Haskell Weekly


Issue 128 2018-10-11

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Welcome to another issue of Haskell Weekly! Haskell is a safe, purely functional programming language with a fast, concurrent runtime. This is a weekly summary of what’s going on in its community.


  • An introduction to linear regression using Haskell

    I decided to stray a little off the beaten track and implement the programming exercises from Andrew’s course in Haskell instead. Haskell feels well-suited for this problem.

  • elm-beam

    I’ve been exploring the idea of an Elm compiler that produces assembly for the Erlang Virtual Machine. This essay documents some interesting parts of the project.

  • Fullstack Haskell: Reflex and Servant

    If it were 2005 you may have been able to get away with just blaze. But we are in 2018+, and JavaScript is a problem. In this blog post we will explore how to deal with JavaScript trough reflex and GHCJS.

  • RAII is better than the bracket pattern

    The RAII (Resource Acquisition Is Initialization) approach in both C++ and Rust leads to a nicer solution than even our bracket pattern in Haskell, by (mostly) avoiding the possibility of a premature close.

  • Announce: Haskell code explorer: Tool that helps understand Haskell codebases

    Haskell code explorer is a web application for exploring and understanding Haskell codebases. It provides the following features: Types and documentation on hover, go to definition, find references, type of each expression & semantic highlighting.

  • Comprehending monoids with class

    For expressing queries over collections of data, monoid comprehension can be more flexible, simpler, more efficient, and safer than its monadic counterpart.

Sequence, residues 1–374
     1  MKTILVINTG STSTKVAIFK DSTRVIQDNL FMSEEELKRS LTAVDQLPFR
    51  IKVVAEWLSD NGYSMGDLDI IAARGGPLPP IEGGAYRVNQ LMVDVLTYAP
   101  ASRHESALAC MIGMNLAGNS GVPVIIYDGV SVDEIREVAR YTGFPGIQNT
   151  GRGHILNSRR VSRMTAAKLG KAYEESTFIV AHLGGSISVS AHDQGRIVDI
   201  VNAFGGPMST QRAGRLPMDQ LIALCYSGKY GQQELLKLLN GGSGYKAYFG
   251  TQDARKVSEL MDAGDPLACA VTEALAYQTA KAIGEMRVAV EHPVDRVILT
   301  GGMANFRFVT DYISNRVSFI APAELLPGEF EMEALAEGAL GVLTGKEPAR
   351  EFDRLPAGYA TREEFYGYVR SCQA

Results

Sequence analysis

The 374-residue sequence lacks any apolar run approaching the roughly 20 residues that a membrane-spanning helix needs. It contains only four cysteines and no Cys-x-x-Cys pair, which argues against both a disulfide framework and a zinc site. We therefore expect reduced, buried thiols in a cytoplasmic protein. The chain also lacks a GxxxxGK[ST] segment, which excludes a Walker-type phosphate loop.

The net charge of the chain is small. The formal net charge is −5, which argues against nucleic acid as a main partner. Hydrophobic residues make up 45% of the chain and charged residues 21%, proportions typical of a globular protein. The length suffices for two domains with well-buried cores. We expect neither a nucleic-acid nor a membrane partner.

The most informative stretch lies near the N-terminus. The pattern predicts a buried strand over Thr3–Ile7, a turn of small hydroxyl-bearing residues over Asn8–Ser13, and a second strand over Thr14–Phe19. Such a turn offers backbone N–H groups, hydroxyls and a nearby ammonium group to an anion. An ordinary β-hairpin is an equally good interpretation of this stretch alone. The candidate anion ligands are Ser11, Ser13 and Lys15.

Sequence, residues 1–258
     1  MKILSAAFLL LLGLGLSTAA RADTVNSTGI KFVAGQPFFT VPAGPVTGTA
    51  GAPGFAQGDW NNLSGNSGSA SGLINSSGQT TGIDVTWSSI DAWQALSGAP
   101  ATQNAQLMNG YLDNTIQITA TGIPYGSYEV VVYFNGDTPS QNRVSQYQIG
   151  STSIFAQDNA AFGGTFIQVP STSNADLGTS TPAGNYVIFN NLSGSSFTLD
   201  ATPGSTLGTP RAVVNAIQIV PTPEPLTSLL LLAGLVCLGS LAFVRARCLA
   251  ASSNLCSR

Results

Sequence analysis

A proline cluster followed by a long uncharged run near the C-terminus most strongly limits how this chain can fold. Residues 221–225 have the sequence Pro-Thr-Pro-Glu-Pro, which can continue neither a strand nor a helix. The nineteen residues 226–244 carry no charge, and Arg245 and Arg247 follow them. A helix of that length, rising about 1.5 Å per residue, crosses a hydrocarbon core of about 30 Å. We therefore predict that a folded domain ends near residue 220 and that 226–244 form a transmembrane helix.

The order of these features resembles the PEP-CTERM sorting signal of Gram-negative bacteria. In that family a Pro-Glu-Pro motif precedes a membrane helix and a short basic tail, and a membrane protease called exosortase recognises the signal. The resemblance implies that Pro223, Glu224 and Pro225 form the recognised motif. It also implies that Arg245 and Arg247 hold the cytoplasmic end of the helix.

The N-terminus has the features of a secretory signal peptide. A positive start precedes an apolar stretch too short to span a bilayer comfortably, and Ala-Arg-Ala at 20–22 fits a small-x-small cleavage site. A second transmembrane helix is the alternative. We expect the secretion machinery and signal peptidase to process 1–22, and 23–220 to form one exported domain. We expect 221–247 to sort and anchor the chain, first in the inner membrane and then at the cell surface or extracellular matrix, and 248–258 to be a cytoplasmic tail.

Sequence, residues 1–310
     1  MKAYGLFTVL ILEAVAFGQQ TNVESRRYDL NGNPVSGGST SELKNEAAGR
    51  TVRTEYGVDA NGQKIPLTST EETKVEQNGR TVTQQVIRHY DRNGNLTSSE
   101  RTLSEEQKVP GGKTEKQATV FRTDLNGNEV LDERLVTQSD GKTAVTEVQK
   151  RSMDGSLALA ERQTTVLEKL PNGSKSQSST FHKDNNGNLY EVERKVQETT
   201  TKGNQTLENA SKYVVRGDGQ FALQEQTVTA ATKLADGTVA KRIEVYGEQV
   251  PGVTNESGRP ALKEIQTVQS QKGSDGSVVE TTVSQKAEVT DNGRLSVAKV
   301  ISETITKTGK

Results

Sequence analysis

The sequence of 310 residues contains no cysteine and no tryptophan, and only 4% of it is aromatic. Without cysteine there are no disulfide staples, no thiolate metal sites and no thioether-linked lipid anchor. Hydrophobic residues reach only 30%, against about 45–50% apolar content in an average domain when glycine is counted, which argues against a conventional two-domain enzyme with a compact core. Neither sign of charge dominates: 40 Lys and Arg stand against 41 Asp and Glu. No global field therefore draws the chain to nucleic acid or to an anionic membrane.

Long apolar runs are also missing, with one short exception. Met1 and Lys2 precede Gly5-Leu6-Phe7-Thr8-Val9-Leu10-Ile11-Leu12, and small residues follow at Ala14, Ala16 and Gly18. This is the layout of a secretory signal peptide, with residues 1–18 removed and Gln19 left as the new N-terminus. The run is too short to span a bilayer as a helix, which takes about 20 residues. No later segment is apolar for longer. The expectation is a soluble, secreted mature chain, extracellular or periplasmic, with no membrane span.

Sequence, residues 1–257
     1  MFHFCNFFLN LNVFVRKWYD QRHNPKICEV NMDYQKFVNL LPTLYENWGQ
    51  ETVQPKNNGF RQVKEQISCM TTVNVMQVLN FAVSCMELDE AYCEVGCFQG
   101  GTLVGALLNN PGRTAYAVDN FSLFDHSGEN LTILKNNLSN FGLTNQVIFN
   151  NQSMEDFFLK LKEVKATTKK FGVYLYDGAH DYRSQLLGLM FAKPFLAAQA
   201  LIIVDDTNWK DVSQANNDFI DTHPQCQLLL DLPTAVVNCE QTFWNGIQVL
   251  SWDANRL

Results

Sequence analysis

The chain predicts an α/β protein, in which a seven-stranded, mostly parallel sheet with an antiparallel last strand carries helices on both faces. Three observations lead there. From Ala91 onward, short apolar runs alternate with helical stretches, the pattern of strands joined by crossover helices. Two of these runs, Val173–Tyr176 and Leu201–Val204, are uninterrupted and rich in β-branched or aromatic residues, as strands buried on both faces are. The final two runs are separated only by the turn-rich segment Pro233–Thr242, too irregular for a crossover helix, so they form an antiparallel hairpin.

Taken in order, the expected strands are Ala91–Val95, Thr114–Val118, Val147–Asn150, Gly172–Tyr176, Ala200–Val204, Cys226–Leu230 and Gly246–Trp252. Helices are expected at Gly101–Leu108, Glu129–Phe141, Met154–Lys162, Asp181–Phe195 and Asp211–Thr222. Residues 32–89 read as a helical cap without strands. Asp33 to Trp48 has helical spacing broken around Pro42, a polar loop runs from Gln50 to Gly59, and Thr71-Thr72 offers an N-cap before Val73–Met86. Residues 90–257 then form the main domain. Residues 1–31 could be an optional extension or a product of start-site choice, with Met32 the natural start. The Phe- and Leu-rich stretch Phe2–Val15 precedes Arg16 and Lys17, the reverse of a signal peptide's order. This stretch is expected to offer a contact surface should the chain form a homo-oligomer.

• Counting inversions with monoidal sparks

    Time for me to reveal the example I had in mind that led to the generalization in my previous post. Thanks for all the interesting comments: it seems like there are some interesting connections to be explored.

  • Detailed walkthrough for a beginner Haskell program

    This post walks through the development of a small Haskell program for aligning equals symbols in a block of text. This walkthrough targets a beginning programmer by describing several steps and concepts in extra detail.

  • Making a Haskell interface for the Rosie pattern language

    The Rosie Pattern Language (RPL) is a DSL for parsing strings which is more convenient and easier to work with than regular expressions. RPL is a Lua library with a C Foreign Function Interface (FFI). I noticed that there wasn’t a way to call it from Haskell.

  • Writing a simple web application

    I’ve talked about adding metrics to the Haskell application. I decided to prepare a full example that can be looked at and reused in later posts and projects.


In brief

Package of the week

This week’s package of the week is Autoexporter, a tool for automatically writing modules that simply re-export other modules.

Call for participation

Looking to participate in the fifth annual Hacktoberfest? Check out some of these issues with the “Hacktoberfest” label from Haskell repositories on GitHub!